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From Der Spiegel: Should U.S. Newspapers Get State Aid?
October 29, 2009 2:05 PM   Subscribe

The Downie/Schudson Report, as it's widely called, is cautiously optimistic that journalism will survive, but doesn't beat around the bush. It urges a number of fairly radical, controversial suggestions on how to reinvent the news media without killing "accountability journalism," that critical, dirt-digging, power-questioning but expensive journalism America is famous for.
posted by jason's_planet (27 comments total) 3 users marked this as a favorite

 
...that America romantically likes to believe it's famous for.

Watergate was a long, long time ago.
posted by rokusan at 2:17 PM on October 29, 2009 [6 favorites]


The link to the report in that article is more interesting to me. I do not expect you'll see print journalism going down the path of state funding. I can imagine a NPR style model where people willingly donate to insure papers stay in business. I don't see this either, but think it's more probable.
posted by cjorgensen at 2:20 PM on October 29, 2009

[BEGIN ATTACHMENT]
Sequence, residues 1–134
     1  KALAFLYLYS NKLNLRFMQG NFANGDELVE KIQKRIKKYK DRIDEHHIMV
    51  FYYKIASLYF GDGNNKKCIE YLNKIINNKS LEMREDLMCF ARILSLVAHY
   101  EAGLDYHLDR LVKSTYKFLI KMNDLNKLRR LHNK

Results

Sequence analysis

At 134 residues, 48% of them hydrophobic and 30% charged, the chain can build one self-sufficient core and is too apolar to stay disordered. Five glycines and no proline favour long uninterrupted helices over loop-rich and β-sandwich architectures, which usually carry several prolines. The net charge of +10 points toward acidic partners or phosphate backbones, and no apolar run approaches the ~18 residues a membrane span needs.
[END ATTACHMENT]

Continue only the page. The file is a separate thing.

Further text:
The article (and supporting interview) both make the same annoying leap that always bothers me in these pieces. Yes, newspapers are dying, but that's not "journalism" in any more than a historically affected way. Newspapers are dying because of their ridiculous and last-century overhead involving trucks, trees and gallons of ink. Information is not dying, nor is the public's desire for more of it. Just because we don't buy buggies anymore doesn't mean we are anti-travel.

Good journalism can happen in any medium. There's nothing about the Internet that makes investigative journalism difficult: if anything the open-forum nature of much of the Web makes it easier and more powerful, as any number of Internet Detective examples from 4Chan to MeFi demonstrate. There's nothing stopping that sort of approach from being expanded to bigger questions, and nothing blocking "serious" journalists form taking part, other than their own stubborn old-school egos.